U.S. Govt STILL Vulnerable
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Thread: U.S. Govt STILL Vulnerable

  1. #1
    AO Security for Non-Geeks tonybradley's Avatar
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    U.S. Govt STILL Vulnerable

    They charged that instead of working at breakneck ``Internet time,'' the four key agencies charged with researching new technologies to combat cyber attacks are stuck in the glacial world of ``government time,'' still crafting memorandums of understanding to allow collaboration on projects.

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    This is a serious problem IMO. Even major companies sometimes have too much red tape and beauracracy to allow for efficient research, testing and implementation of new security techniques and technology.

    But, after 20 months the government continues to lag critically behind and the GAO issues failing marks in cyber security for many government agencies while the groups who are supposed to secure those systems form a committe to think about starting to develop a questionaire to survey affected parties about possibly forming a team to decide on who should participate in any committee that might be formed to think about making a decision.

    The government needs to enlist outside support from the public sector companies that do this crap for a living and basically give them carte blanche to make it happen.

  2. #2
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    Yes but if they contract outside the goverment, then they might be putting people out of jobs (hard to believe with our goverment) or it might a bigger expense to contract out than to stay "inhouse". Plus maybe they just like having that sort of control over internal projects that they could not with outside help.

    Also a thought might be that contracting out might be a big security risk. Maybe they don't want someone to come in and setup the goverment servers or something because there would be information on it that would be like a "need to know" type of thing.

    Or maybe they are just too stupid to think that, or too caught up in the paperwork to deal with it.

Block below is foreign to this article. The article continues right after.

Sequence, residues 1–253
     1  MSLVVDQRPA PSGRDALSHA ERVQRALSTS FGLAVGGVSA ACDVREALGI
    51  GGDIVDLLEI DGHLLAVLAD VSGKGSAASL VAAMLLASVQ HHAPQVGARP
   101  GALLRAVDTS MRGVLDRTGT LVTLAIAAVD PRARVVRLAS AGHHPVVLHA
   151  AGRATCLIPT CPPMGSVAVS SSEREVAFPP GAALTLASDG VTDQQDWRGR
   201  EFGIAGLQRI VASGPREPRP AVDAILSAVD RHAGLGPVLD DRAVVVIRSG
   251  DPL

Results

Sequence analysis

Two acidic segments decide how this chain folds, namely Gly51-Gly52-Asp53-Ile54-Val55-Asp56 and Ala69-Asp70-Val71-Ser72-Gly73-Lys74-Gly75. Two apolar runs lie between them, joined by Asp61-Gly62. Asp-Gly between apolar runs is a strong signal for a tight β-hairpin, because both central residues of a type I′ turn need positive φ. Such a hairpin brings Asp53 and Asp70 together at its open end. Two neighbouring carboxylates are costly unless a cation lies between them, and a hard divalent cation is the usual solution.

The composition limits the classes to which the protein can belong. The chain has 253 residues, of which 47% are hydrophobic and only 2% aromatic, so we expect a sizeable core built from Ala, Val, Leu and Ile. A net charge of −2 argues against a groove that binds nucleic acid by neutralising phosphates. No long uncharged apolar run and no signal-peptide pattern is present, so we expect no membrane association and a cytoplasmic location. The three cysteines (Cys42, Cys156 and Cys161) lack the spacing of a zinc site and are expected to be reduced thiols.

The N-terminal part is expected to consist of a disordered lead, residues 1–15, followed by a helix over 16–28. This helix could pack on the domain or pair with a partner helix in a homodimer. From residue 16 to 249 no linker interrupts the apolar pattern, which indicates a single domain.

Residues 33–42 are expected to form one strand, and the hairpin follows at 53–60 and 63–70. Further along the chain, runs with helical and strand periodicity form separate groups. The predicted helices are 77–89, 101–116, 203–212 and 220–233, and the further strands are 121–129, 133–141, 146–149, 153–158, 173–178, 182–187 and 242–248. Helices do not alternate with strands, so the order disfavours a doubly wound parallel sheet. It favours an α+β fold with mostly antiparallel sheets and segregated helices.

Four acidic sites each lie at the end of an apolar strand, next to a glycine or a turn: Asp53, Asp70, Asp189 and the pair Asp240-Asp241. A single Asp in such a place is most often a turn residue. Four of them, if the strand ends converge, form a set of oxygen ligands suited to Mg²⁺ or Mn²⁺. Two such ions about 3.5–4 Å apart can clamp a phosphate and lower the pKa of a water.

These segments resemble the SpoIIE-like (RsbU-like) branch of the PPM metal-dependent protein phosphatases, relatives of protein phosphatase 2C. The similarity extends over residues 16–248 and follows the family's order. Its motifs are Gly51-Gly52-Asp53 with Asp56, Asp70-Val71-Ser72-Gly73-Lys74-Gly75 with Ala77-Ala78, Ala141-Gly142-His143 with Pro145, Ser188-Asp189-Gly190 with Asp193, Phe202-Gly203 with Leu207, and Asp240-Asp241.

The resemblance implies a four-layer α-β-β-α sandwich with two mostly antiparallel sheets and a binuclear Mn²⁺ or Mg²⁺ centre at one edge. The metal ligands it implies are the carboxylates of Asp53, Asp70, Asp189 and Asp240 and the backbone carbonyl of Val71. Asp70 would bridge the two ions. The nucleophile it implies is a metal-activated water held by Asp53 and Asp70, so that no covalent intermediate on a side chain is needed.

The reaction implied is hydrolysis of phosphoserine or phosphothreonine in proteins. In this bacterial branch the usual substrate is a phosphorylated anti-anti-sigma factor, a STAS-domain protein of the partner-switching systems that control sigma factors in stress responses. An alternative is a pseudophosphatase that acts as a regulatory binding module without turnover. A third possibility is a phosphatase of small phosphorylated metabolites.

Just my oppinion though to raise some questions. Very good point and something that I think would be a nice debate to hear.
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  3. #3
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    they seem to be pretty good at shooting themselves in the foot don't they , but what do you expect. DARPA cut all their funding for open BSD because of politics

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    such is life, but in a lot of cases funding is strictly overneeded or overused by inflated salaries and poor planning....

    then again if you look at your local police departments computer crimes units you may find that they are doing quite well with theyre budgets regardless of the fact that the equipment is far from being par and the actual officers are just that.... officers and not IT people (most units require several years of enlistment as an officer before being moved).

    so we've got highly trained and specialized government agents blowing budgets and thinking in the stone age while your standard police department has beat cops working hard to figure it out..... scary if you ask me.... but the truth is I've worked and consulted for both and found that your lesser financed and equipped police units are much better at the job simply due to the fact that they want to do the job....

    in either respect, changes NEED to be made! else we get to watch our federal IT shops go the route of our local dotbomb's. The root of the problem doesnt lie in the technical end though, and naturally most technically oriented guru's are very very poor at politics and communnication.... and there lies our problem.
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    From a risk management perspective the government is doing fine.

    Everything that needs to be secure is secure... sure you hear random stories about this getting hacked or that getting hacked, but really at the end of the day, no missles have been launched and no technology worth anything to anyone has been stolen.